She Calls Them “Happy Accidents”

It’s been awhile since I’ve written in my blog. I’ve written on topics that were personal and helpful to me, just by getting them off my chest; however, the writings just didn’t seem important to post, at the time that I wrote them. Some have been rants, some have been political, and I try to keep this page free of the fighting and name-calling that one might see on various social media sites. Honestly, the divsion and turmoil that is running rampant in our country is exhausting…simply exhausting.

To ward off some of the stress that one cannot help but feel, I have started to study the art of watercolors. My dear sister-in-law, as well as a wonderful neighbor and dear friend have nudged me in this artful direction, simply by the wonders of their talent, through the pieces that they have created and gifted to me. I’m blessed to claim that I know the artists, when someone comments on the lovely pieces of work that add warmth, color, and meaning to the walls of my home.

On day two, of my experiment with watercolors, I was working on curves, circles, and learning several different tecniques for blending the paints. There was painting on dry paper, or dried paint, which is called WOD (wet on dry), and there was WOW (wet on wet), when you paint on wet paint, or paint with water and then add a bit of paint on the watered surface, which creates a bleeding of the paint into the wet surface. I was following all the instruction in the book that I am using and having a great and relaxing time while blending away. I had tried one of the WOW methods, where I painted a circle with water and added a dab or two of paint. On to the next circle of blending, or maybe three or four circles of blues and greens, and then I looked back at the wet on wet circle, where I dropped a bit of paint to do its thing.

All I could do was stare, as the circle was staring back at me. My daughters could tell you that I can’t draw a person, no matter how hard I have tried. It’s truly a gift to be able to capture an expression of someone, on paper using paint. My sister-in-law can; I cannot. Today was different. I painted a circle with water, dropped a bit of paint, and in a few minutes there was a face staring back at me.

The Man in the Moon…He’s always watching ~

After completing my lesson, I sent this “face” to a dear friend of mine that was an art teacher, earlier in her life. Her reply was simply, “Nice going. I encouraged my students to always look for the happy accidents. They just happen, but they may be trying to tell you something important!” Her sage advice got me to thinking….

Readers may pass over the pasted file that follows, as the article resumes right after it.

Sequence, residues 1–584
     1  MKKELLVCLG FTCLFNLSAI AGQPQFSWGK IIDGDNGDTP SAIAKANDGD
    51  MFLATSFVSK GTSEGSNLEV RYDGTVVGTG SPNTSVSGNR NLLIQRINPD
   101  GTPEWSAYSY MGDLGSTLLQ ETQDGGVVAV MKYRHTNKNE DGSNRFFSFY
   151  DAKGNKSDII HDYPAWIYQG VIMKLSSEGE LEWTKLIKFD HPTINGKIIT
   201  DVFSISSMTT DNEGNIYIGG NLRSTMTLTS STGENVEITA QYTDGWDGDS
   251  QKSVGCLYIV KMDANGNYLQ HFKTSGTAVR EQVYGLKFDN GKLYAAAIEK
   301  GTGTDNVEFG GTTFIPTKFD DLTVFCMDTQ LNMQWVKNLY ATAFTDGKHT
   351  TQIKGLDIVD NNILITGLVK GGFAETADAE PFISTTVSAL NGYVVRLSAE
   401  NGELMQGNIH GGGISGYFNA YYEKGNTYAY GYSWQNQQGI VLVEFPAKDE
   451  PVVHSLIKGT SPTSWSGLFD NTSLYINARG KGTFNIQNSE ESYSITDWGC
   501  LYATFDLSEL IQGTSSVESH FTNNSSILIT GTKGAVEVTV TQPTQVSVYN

The face reminded me of my grandfather. He had a way with his eyes, especially when I said something funny or doubtful; he would just give that side-glance, that he could do so well. He taught me to trust in myself, and to hold true to my belief, and to always rely on God. He didn’t teach me these important things so much by his words, as he did by his actions. He loved nature, and he loved art, and he taught me the reason why individuals value both. The value is in what you see, not so much what you are looking at, and why do you see beauty in the subject at hand? He taught me to look up and out, and if I’m in need of an answer, I’ll be certain to find that solution, in time.

My dear friend, the former art teacher, was correct. The happy accidents just happen, but they may be trying to tell you something important. It’s been a while since I’ve seriously looked up and out, and seriously focused on the simplistic parts of nature, that have always brought me peace. Day two of my art lesson, I was reminded to look at the happy accidents. I was reminded of a favorite man in my life, and his wonderful words of wisdom. Thanks to a dear friend that is equally full of wisdom; you are a treasure ~

2 thoughts on “She Calls Them “Happy Accidents”

  1. Karen Dovigi

    This article, your writing, your content – you – always fill me with a sense of peace. I’m not quite sure why, or how, but it does. Maybe it’s because you were the first person to show me and my family kindness when we first moved to the US. As I’ve told you before, you were my first American friend. I’m so happy we’re still in touch, all these years later. Beautiful piece, Carol!

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